6.2 On the Limitations of Uncertainty Schemes (Invited Presentation)

Thursday, 26 January 2017: 11:00 AM
Conference Center: Skagit 1 (Washington State Convention Center )
Judith Berner, NCAR, Boulder, CO

With clear evidence that initial-condition uncertainties are not
sufficient to entirely explain forecast uncertainty, the role of model
uncertainty is receiving increasing attention.  Operational weather
centers now routinely employ stochastic or other perturbation methods to
increase the reliability of ensemble forecasts.  While the performance of
stochastic parameterization schemes such as the stochastic kinetic-energy
backscatter or the stochastically perturbed physical tendency scheme --
is undisputed, they have been criticized as being added a posteriori to
models that have been independently developed and tuned.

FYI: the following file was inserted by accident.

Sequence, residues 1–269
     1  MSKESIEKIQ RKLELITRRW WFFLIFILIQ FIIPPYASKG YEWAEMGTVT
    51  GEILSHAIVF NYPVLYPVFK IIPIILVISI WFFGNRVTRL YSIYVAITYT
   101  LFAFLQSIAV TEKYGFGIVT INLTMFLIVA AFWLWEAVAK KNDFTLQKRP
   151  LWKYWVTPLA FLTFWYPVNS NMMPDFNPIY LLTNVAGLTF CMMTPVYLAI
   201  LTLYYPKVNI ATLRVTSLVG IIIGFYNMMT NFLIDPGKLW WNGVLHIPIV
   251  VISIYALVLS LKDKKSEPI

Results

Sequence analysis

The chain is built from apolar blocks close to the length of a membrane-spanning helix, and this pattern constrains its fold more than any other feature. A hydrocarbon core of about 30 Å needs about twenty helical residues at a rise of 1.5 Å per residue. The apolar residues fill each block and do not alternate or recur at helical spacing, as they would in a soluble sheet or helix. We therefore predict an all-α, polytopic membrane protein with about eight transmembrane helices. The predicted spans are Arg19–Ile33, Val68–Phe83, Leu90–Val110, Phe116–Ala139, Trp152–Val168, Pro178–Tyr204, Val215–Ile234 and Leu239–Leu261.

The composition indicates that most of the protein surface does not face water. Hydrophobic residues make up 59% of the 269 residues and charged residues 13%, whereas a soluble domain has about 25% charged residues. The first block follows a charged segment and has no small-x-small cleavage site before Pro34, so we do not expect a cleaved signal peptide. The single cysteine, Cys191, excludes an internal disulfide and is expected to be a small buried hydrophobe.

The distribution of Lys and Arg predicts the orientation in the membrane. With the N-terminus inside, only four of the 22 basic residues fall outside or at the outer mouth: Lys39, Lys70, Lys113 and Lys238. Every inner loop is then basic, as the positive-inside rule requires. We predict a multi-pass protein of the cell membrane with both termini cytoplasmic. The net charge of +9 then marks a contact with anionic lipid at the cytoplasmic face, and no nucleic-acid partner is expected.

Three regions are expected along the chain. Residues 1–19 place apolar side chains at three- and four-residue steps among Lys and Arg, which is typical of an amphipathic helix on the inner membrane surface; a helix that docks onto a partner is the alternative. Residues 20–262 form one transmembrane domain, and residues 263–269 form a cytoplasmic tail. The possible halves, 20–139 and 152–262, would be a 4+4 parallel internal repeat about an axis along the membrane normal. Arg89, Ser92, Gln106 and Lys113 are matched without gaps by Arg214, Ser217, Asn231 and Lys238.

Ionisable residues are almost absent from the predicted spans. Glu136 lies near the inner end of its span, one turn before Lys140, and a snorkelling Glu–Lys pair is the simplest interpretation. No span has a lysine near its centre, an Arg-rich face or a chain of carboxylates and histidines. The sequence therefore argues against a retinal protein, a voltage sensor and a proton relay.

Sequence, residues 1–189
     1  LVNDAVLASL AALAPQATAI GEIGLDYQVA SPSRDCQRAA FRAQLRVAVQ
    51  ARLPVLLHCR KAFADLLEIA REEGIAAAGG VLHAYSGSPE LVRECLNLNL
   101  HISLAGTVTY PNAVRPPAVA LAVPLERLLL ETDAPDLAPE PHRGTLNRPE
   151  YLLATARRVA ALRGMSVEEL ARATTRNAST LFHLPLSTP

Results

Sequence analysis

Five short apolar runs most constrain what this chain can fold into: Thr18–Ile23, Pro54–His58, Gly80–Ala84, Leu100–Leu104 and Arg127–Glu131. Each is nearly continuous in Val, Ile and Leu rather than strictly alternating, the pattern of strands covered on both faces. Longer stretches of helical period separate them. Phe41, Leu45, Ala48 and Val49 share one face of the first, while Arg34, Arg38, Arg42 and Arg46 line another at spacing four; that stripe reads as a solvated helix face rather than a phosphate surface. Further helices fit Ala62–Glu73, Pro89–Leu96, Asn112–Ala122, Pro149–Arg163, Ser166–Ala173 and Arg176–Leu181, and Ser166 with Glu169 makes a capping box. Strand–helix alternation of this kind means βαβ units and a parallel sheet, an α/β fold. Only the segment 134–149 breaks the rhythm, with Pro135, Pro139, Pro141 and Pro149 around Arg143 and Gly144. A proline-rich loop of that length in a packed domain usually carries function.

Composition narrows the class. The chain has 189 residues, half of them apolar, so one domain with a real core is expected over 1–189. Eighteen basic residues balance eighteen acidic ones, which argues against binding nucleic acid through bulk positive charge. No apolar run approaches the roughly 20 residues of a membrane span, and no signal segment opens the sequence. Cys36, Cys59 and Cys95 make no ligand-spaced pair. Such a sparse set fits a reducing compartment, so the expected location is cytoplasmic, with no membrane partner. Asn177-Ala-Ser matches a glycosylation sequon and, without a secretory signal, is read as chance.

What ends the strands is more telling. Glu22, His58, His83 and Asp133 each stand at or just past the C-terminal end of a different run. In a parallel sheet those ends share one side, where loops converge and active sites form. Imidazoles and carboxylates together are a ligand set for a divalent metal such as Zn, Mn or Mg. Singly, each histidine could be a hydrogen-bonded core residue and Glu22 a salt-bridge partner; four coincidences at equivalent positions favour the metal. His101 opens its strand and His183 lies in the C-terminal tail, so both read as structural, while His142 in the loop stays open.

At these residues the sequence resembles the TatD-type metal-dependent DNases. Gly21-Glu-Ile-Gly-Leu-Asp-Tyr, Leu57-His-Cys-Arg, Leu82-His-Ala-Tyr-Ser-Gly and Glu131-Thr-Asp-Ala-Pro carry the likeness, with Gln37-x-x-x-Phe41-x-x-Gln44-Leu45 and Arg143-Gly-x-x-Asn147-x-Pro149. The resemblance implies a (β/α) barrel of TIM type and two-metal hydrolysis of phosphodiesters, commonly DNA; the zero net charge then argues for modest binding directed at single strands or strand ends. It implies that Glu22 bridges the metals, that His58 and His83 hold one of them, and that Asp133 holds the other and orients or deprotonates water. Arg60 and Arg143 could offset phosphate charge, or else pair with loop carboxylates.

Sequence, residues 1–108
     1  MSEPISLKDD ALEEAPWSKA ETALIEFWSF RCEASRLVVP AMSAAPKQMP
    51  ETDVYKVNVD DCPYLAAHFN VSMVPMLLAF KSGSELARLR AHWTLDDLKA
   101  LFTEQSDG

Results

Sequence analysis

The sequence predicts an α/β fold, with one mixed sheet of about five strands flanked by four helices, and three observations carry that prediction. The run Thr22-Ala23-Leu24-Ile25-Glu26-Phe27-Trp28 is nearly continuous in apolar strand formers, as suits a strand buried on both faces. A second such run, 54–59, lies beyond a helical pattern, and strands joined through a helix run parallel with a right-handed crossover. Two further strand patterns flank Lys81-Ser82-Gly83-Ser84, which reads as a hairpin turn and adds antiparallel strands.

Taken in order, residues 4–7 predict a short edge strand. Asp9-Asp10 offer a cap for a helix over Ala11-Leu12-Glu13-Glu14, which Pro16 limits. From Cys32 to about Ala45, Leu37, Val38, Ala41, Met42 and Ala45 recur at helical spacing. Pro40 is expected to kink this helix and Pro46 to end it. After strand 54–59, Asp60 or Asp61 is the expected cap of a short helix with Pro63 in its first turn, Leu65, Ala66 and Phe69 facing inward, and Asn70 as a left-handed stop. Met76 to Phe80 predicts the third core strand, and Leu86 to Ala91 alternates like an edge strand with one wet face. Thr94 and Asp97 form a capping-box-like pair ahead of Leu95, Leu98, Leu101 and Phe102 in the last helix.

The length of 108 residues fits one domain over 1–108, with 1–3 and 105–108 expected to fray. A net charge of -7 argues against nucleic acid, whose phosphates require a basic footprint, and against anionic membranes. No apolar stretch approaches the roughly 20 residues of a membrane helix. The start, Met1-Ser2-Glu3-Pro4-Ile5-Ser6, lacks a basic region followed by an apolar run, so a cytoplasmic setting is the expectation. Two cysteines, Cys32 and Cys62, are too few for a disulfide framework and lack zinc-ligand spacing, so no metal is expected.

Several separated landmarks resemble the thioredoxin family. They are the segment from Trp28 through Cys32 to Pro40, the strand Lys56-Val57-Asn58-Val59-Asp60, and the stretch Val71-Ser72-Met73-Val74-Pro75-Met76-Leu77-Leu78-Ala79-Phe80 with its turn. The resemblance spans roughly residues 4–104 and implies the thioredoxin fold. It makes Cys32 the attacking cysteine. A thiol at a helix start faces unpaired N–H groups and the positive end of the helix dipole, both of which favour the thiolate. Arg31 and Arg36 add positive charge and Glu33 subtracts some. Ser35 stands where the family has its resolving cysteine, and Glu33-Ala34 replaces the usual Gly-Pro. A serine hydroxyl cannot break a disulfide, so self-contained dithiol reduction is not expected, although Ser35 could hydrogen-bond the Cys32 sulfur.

In contrast, schemes that aim at representing uncertainty at its source,
for example the stochastically perturbed parameter approach, are by
themselves not able to generate enough spread to produce reliable
ensemble forecasts as forecast lead time increases.  These claims will be
supported with probabilistic forecasts produced by the Weather and
Research Forecast (WRF) model.

The argument will be laid out that current weather models have
insufficient upscale propagation of errors, so that the introduction of
realistic uncertainties in the physical processes cannot produce reliable
ensemble systems.

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